BISMARCK — A Washington state family business is accused of defrauding investors of over $100,000 on a failing Williston real estate development during the Bakken oil boom.
The U.S. Securities and Exchange Commission alleges Kirk Sperry and his company Sperry and Sons, based in Bellevue, Wash., used false and misleading statements to draw $125,000 out of two investors. These investments were made in the fall and winter of 2015, just months before an oil price collapse ended the boom, according to an SEC statement released Wednesday, Sept. 9.
"Investors are entitled to full and complete disclosure of the material risks associated with their investments so that they can make informed decisions," said Erin Schneider, director of the SEC’s San Francisco regional office, in the statement. "As we allege, Sperry and Sons mislead investors in order to raise money rather than honestly inform its investors about the status of its real estate project."
SEC claims Sperry and Sons assured their investors they would have the first position mortgage on the Williston property, when in fact another investor had already secured the first position.
And, according to the SEC complaint, Sperry and Sons told investors they already had purchases on several property lots, even though those purchases had been canceled earlier in the year. With the funds accrued from their two investors, Sperry and Sons allegedly paid back other investors on unrelated company ventures, according to the SEC.
In an interview with Forum News Service, Kirk Sperry disputed the allegations, stating he and his company had legitimate purchase agreements in place.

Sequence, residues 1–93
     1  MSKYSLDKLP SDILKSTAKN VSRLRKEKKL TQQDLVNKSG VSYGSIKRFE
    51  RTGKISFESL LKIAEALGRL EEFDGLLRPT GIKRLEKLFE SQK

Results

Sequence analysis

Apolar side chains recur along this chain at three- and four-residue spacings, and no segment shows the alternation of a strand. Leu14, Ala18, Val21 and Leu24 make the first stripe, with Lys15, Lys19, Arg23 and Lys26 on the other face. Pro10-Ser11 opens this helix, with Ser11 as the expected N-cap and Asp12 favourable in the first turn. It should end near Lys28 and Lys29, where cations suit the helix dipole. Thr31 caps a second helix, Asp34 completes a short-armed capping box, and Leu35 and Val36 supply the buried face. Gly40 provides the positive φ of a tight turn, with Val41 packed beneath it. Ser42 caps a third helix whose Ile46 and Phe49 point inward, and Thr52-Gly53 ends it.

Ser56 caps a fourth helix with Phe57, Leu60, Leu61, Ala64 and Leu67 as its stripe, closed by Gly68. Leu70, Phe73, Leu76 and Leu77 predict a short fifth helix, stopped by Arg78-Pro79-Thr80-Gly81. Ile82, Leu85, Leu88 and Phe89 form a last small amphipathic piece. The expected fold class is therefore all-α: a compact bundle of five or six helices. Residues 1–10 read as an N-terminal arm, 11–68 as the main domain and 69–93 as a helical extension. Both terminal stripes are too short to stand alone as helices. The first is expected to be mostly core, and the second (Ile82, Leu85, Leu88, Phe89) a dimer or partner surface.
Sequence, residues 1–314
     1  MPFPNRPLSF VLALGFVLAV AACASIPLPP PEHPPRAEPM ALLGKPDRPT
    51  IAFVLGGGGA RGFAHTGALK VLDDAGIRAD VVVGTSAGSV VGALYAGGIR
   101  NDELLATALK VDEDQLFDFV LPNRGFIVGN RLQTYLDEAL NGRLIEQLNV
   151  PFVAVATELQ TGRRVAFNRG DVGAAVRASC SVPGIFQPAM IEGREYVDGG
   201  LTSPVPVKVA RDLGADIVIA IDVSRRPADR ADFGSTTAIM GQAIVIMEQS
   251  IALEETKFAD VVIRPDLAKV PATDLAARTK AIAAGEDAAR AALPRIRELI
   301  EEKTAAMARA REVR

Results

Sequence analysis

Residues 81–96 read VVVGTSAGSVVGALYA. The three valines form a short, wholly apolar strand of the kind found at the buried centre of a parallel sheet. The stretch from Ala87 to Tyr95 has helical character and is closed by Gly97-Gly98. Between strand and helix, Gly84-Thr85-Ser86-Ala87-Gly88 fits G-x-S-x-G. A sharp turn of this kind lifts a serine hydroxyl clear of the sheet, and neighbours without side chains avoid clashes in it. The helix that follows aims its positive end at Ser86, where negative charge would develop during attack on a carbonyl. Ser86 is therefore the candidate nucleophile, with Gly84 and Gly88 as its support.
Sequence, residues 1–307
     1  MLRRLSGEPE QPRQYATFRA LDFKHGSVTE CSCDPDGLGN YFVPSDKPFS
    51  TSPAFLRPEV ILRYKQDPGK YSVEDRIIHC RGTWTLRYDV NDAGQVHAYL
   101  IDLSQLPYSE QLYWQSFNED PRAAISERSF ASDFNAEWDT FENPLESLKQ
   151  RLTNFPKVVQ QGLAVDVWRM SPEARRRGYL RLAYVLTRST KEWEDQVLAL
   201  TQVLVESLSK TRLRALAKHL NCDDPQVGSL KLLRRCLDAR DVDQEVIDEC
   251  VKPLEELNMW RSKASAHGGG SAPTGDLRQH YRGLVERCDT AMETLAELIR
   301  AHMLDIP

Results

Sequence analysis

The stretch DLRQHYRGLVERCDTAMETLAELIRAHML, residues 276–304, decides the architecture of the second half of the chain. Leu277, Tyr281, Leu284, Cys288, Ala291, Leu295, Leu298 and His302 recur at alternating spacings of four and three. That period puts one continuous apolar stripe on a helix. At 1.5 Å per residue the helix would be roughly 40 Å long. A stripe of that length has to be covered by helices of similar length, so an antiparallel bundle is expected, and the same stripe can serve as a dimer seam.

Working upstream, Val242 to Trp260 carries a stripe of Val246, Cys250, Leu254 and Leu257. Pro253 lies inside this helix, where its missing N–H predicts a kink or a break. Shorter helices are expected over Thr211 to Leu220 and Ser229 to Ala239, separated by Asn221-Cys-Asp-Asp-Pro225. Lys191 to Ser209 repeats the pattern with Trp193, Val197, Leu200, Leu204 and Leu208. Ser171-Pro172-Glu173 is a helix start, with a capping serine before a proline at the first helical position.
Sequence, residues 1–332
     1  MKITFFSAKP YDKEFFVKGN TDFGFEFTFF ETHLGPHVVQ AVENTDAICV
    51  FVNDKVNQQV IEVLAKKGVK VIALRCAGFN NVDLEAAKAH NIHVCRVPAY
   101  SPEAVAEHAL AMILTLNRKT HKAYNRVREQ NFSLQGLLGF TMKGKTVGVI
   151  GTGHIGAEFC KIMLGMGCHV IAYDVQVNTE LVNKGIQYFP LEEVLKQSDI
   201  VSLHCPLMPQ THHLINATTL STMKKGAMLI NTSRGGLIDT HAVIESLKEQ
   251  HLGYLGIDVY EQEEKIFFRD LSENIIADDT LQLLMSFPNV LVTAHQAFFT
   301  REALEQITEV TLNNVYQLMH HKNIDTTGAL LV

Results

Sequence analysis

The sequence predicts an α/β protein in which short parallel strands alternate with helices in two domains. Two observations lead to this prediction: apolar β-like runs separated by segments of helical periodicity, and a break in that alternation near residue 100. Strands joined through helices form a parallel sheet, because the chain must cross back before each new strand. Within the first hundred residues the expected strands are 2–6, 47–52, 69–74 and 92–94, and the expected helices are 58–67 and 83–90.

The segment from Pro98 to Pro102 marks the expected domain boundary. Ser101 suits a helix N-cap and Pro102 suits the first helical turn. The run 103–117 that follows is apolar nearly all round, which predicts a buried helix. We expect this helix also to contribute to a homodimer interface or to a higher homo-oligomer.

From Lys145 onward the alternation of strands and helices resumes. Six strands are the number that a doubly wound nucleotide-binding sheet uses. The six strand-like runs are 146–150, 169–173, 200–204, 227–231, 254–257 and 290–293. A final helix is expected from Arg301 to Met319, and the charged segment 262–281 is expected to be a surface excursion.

"Around that time, the bottom fell out on the price of oil, and all of these developers and local contractors who were purchasing these lots to build spec homes" backed out of the agreements, he said.
Sperry added that he and his company worked with many large investors during the Bakken oil boom, but said the two investors behind the SEC lawsuit were disgruntled by the market situation and tried to recoup bad investments, while others cut their losses.
"In all honesty, we informed all of the investors of the change in scenario when we were literally struggling to raise the last amount of funds needed," Sperry said, arguing he and his partners worked diligently to inform their investors of the sudden shifts in the status of other purchases and made a point of setting up individual conference calls with each investor to discuss the situation.
"We did our best to save what we could for everybody, but there were losses taken," Sperry said.
The SEC filed the charges against Sperry in the U.S. District Court for the Western District of Washington. Sperry said he and his company have not decided whether they will challenge the allegations in court.
Readers can reach reporter Adam Willis, a Report for America corps member, at firstname.lastname@example.org.